Most of us have experienced the anxiety of a job interview many times. Most of us also understand both the high that goes with believing it went well and the low that goes with knowing you completely blew it. Here’s my worst job interview experience, along with some of the lessons I’ve learned since.
Several years ago I wanted to be a federal officer. So I applied to several job openings, went through written tests, and even managed to get an interview. I was very excited and felt prepared for anything. When I went in for the interview, I felt almost invincible.
When they ask for specific examples.
That feeling lasted until they started asking me for specific examples of experience, particularly those dealing with teamwork and communication. My job at the time was almost all teamwork, and yet, I blanked on examples. I lamely answered those questions by explaining that my job required teamwork and good communication all the time.
In my experience, most interviewers will ask for a specific example at some point. They usually seem to want an example of where you had to work on a team, where communication was especially necessary, where you had to work alone and unsupervised, and where something went wrong. They want to know how you dealt with all of these things What I wish I’d done to prepare for that is think of examples for all of that, and then written them down the night before. You don’t want to take notes into the interview with you, but you can go over them in the car before you walk in the building. This might help you avoid going blank on those questions.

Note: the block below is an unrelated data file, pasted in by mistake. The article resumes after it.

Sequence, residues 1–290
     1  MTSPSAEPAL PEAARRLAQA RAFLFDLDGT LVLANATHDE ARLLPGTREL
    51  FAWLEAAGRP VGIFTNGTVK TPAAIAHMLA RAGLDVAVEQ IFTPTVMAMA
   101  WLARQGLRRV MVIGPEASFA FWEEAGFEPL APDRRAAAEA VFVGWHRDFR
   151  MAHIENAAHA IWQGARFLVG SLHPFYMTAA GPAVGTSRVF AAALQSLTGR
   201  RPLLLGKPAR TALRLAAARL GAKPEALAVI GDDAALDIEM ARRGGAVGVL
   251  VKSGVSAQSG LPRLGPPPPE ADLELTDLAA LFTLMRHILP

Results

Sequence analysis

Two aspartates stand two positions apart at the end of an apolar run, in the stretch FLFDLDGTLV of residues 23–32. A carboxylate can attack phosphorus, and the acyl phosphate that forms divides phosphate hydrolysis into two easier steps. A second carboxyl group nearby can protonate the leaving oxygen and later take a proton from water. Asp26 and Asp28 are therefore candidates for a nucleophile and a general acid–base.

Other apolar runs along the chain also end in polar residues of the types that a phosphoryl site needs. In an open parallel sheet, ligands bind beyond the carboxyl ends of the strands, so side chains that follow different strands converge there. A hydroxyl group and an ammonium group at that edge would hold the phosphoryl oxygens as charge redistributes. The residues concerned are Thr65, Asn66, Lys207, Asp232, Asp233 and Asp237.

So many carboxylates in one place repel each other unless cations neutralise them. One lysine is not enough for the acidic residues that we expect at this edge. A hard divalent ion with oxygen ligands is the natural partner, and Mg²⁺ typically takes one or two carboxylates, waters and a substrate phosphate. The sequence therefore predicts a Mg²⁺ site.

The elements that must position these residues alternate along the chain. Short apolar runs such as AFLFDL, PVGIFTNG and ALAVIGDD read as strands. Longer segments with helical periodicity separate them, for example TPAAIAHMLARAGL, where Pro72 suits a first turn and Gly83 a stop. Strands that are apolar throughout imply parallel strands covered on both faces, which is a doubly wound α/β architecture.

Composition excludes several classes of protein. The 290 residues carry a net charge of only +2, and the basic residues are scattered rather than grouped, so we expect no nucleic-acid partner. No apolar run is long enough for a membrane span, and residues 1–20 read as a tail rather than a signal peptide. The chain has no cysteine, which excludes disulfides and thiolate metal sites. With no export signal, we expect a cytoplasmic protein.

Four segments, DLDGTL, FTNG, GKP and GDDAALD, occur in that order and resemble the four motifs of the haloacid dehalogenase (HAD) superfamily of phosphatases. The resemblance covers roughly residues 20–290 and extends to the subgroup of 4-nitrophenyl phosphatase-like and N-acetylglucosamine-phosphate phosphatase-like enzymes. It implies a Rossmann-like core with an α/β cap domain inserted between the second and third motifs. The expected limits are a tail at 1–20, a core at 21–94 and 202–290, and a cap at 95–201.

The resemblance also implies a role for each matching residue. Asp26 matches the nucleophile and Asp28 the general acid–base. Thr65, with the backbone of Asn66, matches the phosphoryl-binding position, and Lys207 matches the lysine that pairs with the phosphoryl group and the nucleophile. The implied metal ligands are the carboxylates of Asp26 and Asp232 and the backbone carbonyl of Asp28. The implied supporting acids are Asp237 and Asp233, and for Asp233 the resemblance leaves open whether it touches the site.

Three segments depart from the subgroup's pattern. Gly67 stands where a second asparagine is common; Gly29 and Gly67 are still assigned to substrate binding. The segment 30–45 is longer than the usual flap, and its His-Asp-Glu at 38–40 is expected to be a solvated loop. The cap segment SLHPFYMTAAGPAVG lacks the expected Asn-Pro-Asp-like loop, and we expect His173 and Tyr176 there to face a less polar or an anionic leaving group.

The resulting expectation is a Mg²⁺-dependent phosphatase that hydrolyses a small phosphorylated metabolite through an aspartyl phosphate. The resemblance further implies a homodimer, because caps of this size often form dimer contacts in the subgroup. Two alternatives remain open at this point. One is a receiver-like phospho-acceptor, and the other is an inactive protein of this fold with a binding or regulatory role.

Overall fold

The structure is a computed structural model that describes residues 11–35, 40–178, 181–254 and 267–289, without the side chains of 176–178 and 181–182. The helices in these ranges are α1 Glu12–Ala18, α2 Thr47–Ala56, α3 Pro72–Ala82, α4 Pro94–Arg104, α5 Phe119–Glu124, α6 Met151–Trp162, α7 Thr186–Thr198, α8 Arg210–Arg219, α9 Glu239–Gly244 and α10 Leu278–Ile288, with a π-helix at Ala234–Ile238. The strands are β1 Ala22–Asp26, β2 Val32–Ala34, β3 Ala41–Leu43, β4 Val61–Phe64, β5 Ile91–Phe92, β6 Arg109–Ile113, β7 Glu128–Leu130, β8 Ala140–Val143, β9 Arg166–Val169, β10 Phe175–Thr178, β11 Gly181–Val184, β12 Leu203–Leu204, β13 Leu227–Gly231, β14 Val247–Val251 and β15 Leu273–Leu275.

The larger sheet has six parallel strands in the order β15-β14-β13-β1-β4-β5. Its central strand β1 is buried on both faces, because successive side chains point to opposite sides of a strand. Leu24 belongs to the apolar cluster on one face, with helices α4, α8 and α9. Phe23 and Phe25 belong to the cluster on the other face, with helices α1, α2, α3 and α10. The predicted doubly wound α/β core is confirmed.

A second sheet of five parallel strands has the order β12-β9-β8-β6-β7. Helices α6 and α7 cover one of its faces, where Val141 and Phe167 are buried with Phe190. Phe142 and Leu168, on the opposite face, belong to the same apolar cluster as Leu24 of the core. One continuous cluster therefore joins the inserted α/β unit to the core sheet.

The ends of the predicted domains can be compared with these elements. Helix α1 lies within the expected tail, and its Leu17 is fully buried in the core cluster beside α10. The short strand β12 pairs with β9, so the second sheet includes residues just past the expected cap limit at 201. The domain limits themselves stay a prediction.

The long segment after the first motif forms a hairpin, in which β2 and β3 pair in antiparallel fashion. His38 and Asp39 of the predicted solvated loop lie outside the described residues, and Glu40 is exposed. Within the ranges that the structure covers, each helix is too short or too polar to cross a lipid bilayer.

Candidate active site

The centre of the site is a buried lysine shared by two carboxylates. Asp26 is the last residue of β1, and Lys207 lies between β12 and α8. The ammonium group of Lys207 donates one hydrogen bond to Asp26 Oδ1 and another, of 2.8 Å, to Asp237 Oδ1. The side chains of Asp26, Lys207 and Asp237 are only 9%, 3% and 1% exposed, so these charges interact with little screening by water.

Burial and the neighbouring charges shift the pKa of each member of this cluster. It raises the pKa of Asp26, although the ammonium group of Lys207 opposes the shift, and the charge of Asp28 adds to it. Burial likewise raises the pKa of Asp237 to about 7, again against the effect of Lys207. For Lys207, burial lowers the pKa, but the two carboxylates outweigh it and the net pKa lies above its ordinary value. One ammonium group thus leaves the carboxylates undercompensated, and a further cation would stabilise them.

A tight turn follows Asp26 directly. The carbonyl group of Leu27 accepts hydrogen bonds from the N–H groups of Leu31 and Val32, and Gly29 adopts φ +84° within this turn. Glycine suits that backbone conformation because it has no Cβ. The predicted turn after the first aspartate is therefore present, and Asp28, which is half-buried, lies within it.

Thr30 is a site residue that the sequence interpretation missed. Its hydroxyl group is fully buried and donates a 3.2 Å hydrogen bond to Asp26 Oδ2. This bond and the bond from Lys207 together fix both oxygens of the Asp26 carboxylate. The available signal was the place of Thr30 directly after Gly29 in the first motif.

Explaining your weakness(es).
Another question they asked was, “What is your biggest weakness?” I gave the overused, canned answer of, “I’m a perfectionist, it’s such a problem, and here’s why.” The job did require extremely strong observational skills and attention to detail. However, the old “make your weakness sound like a strength” trick is clichéd, and failed me miserably. I actually saw one of my interviewers roll his eyes.
Interviewers don’t seem to want to hear that you’re a perfectionist, let alone how it’s so awful. Too many people say that. Something I wish I’d have thought of instead was taking something I’m not especially good at that was only tangentially related to the job, and explaining how I wanted to improve it.
Here’s how that works: If you’re interviewing for a simple data entry job, talk about how you’re trying to work on your leadership skills. If it’s a management position, maybe discuss your writing skills and how you’re working on them. Regardless of the job, think of a skill you have, but aren’t great at, that may be related but not important to the position you’re seeking. Explain how you want to improve and what you’re doing. It shows initiative and a desire to grow, along with an understanding that you’re human.